When Donald Freeman died of cancer back in September, his wife Bobbie Sue knew his service on earth wasn't done.
"We loved each other so much," said Freeman.
Before he died, the Freemans both decided to donate their bodies to science. Wednesday the University of Mississippi Medical Center honored folks like Donald Freeman and their surviving family members for an invaluable gift that will leave lasting impacts in medical research and education.
"We are very fortunate that people in Mississippi take this very seriously, "said Dr. James Keeton, Vice Chancellor for Health Affairs at UMMC.
Keeton says of the hundreds of bodies donated each year, each one plays a role in future healthcare. If not for donations from people like Donald Freeman, Keeton says medical students like Sarah Ali would be without a crucial part of their education.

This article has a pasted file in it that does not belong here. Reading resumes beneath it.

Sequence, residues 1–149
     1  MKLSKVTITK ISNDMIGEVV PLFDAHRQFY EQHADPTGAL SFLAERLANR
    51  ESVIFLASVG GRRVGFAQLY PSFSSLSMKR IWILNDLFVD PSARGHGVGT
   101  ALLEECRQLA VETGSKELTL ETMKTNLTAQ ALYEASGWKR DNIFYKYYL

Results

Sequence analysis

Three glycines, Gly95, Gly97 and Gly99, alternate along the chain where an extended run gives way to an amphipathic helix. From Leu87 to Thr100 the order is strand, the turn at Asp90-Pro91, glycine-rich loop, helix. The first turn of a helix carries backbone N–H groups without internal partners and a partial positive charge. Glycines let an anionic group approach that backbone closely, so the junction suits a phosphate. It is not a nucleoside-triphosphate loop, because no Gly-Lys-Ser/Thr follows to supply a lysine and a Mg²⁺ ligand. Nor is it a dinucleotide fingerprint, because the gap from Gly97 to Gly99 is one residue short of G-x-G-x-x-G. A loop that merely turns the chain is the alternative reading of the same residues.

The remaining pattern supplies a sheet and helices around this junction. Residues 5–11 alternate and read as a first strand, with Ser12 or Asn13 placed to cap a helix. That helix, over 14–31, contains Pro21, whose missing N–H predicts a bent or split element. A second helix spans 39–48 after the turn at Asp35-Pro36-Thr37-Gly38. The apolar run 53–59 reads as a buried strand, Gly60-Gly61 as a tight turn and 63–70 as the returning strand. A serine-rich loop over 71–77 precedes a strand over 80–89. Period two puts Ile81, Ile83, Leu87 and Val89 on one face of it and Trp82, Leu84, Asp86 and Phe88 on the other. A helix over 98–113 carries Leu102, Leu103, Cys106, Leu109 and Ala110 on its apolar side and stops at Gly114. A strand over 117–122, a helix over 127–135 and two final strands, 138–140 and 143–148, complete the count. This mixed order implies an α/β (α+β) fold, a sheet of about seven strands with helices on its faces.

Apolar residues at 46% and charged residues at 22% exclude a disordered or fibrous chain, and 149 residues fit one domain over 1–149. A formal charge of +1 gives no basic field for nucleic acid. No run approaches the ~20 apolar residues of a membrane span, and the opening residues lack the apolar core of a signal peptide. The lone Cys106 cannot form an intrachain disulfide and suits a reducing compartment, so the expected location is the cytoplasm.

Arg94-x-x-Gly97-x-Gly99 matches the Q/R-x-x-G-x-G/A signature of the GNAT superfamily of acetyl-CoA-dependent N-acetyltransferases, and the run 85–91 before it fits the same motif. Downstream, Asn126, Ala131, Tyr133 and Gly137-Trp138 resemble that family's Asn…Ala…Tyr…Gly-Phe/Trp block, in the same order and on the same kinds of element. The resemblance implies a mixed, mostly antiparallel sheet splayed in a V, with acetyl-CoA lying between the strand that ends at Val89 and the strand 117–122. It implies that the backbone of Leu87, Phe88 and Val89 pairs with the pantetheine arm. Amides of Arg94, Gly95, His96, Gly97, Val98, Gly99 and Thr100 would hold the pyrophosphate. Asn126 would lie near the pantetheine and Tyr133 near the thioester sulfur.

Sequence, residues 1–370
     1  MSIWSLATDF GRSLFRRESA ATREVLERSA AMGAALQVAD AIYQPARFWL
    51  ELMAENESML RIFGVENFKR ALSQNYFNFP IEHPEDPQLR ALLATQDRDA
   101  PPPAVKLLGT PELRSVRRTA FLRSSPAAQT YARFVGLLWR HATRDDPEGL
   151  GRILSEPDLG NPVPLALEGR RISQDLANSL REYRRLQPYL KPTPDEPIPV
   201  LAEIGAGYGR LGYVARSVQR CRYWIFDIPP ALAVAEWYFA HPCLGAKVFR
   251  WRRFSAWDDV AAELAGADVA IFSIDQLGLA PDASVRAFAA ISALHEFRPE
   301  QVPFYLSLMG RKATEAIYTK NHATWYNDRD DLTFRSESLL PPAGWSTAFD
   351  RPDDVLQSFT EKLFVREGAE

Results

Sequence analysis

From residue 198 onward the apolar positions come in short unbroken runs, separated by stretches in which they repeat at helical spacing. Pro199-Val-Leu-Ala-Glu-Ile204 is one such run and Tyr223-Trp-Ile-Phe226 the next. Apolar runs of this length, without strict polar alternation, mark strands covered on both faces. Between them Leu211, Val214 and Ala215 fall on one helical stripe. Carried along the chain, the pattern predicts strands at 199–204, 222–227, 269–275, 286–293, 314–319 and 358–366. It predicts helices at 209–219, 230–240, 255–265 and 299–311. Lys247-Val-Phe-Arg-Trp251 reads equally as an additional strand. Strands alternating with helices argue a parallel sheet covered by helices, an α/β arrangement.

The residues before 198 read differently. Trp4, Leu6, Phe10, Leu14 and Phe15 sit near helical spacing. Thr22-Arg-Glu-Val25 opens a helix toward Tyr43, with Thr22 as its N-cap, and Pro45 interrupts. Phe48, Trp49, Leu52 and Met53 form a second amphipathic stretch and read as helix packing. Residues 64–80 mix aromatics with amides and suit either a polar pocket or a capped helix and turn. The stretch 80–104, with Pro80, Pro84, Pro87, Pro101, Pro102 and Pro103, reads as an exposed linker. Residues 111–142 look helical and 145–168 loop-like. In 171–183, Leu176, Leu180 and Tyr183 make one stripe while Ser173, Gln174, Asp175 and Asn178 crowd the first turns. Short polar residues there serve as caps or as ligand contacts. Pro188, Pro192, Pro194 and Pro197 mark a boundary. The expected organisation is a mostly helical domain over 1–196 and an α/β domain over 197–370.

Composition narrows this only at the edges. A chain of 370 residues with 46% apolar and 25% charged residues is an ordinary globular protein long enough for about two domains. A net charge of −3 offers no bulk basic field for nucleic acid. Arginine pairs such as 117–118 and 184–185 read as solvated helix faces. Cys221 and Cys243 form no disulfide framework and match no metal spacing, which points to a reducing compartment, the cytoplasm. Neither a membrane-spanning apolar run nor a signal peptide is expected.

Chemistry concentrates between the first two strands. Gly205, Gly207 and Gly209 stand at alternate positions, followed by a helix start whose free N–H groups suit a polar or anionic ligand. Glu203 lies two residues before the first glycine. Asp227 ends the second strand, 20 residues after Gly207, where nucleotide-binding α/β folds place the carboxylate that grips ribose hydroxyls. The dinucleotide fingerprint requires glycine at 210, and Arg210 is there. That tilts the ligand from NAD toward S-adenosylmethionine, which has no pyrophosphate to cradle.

"We're able to have a hands on experience. It's our first patient. It's the first person that we're able to work on and really learn from and it's a person that we'll remember forever throughout any of the other patients that we interact with," said Ali.
For Freeman, that's worth the sacrifice.
"If we could help them, that's what we wanted to do," said Freeman.
When the Freemans decided to have their bodies donated, Bobbie Sue says it was a simple conversation which medical leaders say more people should have.
"It's a very easy conversation to have because people know how important it is," said Keeton.
"To be able to serve life even in death is probably the greatest gift or contribution anybody can make to humanity," said Ali.
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